Above, untreated wastewater pollutes a waterway in India.
If you’ve been following along, you’ll know we’ve been doing a series of posts explaining how wastewater is treated. In our last one, we talked about how solids are removed from wastewater, then sent to the primary settling tanks for stabilization and treatment.
What we haven’t covered yet is why wastewater needs to be treated – after all, the ecosystem takes care of animal waste, right?
The U.S. Geological Survey sums it up nicely: “Nature has an amazing ability to cope with small amounts of water wastes and pollution, but it would be overwhelmed if we didn’t treat the billions of gallons of wastewater and sewage produced every day before releasing it back to the environment. Treatment plants reduce pollutants in wastewater to a level nature can handle.”
Raw sewage contains a host of harmful substances, including bacteria, viruses, parasitic organisms, intestinal worms, and even molds and fungi. All of these microorganisms are shed by the body and expelled along with human waste. Although even healthy humans shed pathogens, those who are sick add even more to the waste stream.
The diseases caused by these microorganisms may range in severity from mild gastroenteritis (stomach cramps and diarrhea) to life-threatening ailments such as cholera, dysentery, infectious hepatitis, severe gastroenteritis, and more. There are chemicals and medications in wastewater, too — ranging from cleaning solutions used in bathrooms to things that should never have gone down the drain in the first place.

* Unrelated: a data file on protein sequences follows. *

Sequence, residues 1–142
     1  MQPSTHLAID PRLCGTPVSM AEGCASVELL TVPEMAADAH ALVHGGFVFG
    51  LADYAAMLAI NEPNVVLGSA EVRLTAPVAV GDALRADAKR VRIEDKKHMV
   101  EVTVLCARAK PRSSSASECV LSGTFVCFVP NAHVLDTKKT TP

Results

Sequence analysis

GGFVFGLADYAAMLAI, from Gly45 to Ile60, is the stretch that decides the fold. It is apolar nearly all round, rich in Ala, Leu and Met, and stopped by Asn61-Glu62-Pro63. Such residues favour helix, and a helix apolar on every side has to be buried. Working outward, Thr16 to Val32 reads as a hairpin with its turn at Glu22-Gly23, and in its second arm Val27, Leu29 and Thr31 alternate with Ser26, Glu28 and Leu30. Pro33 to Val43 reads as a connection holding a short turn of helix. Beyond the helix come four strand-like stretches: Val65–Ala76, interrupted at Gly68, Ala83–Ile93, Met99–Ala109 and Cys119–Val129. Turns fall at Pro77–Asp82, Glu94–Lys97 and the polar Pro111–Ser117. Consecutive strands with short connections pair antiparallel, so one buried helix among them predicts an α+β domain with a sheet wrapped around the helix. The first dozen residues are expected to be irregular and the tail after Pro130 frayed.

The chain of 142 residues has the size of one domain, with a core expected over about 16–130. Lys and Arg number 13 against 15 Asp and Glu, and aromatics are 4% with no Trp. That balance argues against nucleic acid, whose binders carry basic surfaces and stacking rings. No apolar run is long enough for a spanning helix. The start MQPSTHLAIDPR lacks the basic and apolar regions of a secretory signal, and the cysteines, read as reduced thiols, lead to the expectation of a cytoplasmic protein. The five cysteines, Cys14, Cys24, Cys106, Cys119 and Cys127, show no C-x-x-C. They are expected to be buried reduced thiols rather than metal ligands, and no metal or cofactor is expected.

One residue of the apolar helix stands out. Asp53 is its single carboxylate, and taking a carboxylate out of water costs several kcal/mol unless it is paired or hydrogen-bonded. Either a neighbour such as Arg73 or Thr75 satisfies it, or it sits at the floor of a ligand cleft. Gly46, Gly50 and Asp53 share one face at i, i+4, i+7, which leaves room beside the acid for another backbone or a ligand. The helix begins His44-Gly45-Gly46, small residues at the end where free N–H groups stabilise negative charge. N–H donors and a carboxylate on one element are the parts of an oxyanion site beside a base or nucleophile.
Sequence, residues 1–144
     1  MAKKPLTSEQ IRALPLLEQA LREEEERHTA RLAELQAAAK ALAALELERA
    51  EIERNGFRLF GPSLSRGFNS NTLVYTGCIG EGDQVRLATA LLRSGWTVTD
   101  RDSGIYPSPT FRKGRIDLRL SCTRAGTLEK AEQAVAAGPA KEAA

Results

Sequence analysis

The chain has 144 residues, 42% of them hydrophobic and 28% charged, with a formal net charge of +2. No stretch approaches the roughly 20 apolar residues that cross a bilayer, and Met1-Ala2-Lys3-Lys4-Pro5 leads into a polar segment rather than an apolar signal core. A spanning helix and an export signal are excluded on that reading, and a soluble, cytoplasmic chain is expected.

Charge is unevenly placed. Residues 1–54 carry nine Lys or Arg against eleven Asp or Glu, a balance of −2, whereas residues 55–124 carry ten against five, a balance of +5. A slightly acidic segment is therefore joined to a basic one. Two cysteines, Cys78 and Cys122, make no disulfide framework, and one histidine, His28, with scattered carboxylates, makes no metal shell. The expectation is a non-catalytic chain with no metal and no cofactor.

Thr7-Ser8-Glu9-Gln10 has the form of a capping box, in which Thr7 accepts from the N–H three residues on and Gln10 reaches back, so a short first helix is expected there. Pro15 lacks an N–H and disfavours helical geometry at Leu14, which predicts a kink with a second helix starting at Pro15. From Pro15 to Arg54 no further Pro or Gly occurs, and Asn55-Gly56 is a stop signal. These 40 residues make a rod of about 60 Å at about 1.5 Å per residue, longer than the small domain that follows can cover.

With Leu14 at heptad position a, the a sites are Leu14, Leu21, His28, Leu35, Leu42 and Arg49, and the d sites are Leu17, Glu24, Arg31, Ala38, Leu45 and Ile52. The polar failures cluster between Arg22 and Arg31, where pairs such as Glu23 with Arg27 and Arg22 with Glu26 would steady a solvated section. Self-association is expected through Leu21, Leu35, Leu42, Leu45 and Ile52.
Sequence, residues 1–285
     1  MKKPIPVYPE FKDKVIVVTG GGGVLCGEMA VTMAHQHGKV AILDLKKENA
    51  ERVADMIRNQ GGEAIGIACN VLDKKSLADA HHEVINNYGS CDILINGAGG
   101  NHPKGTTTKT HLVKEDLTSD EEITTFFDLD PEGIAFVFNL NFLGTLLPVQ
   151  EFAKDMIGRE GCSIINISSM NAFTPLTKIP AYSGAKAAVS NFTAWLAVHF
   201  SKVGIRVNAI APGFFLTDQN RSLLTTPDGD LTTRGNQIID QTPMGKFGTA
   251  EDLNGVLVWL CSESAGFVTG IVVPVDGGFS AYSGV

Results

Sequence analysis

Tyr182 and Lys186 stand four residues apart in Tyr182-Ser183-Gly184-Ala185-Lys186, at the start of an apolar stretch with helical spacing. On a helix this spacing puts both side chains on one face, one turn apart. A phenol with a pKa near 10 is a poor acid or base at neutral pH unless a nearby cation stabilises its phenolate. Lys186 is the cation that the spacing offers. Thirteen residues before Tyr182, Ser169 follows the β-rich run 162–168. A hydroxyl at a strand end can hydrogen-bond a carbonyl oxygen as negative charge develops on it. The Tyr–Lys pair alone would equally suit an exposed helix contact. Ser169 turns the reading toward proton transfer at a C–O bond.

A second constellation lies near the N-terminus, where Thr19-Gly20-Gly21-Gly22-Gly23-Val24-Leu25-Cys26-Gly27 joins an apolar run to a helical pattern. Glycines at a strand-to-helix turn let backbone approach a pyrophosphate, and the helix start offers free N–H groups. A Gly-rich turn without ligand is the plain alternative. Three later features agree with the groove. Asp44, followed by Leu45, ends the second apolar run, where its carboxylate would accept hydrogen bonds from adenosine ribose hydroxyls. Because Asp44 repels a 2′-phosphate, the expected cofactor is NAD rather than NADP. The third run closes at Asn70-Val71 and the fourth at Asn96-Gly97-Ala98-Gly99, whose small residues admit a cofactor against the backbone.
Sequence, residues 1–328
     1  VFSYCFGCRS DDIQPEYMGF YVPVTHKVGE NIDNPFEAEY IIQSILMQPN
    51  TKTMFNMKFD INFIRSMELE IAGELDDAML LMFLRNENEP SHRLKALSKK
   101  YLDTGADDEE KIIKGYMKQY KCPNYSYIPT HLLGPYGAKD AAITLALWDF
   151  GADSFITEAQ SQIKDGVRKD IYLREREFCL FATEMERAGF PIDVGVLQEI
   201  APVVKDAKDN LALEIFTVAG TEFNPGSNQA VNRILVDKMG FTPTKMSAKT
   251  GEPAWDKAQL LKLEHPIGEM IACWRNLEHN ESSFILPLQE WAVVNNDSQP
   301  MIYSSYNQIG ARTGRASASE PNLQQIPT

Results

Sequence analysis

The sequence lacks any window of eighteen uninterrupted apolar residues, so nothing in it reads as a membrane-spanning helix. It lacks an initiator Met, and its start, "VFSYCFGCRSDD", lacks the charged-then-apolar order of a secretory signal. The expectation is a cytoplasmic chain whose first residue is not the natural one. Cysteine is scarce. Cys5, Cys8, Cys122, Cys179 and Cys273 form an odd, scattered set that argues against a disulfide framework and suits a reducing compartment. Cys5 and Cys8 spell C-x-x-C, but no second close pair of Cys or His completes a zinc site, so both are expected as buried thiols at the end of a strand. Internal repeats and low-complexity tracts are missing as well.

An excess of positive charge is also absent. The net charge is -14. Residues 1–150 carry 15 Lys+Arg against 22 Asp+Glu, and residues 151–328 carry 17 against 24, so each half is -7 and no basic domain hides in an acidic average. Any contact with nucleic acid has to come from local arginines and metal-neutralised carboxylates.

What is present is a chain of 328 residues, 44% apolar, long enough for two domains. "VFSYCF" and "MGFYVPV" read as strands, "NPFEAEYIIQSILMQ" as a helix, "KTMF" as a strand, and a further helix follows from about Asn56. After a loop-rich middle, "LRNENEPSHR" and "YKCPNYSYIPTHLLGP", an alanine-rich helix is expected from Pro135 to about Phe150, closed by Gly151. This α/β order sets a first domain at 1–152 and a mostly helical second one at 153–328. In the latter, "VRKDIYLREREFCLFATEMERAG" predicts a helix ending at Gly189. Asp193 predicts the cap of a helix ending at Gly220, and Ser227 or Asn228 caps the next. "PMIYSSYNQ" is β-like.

Additionally, wastewater sludge is an excellent food source for bacteria and fungi that grow on decaying organic matter. These microorganisms generally use oxygen when they break down organic waste.
If the Kline’s Island treatment plant did not exist and the wastewater was discharged directly into the Lehigh River, the dissolved oxygen required to support aquatic life in the river would be used up — the same thing that happens during algal blooms.
Fish and other organisms would die off, and the river would be transformed into a toxic flowing cesspool. Disease would run rampant. The water would be undrinkable, the river would be unsuitable for recreational use, and our quality of life would rapidly decline. The contaminated water would start a domino effect — ecosystems that rely on the river would collapse, and the polluted water would contaminate other water supplies, too.
Furthermore, the banks of the river would be strewn with 54 cubic feet per day of things that should never have been flushed in the first place: feminine hygiene products, condoms, disposable wipes, toilet paper, rags, paper towels and more!
Treatment mitigates these consequences and protects the environment. Treated water, called effluent, can be safely discharged into our waterways. Treated solids, called sludge, are returned back to the environment in the form of soil amendments used in the agricultural industry.
Wastewater treatment plants play a crucial role in safeguarding our ecosystem and our health. We’ve come to take them for granted, but without them, our daily lives would look a lot different!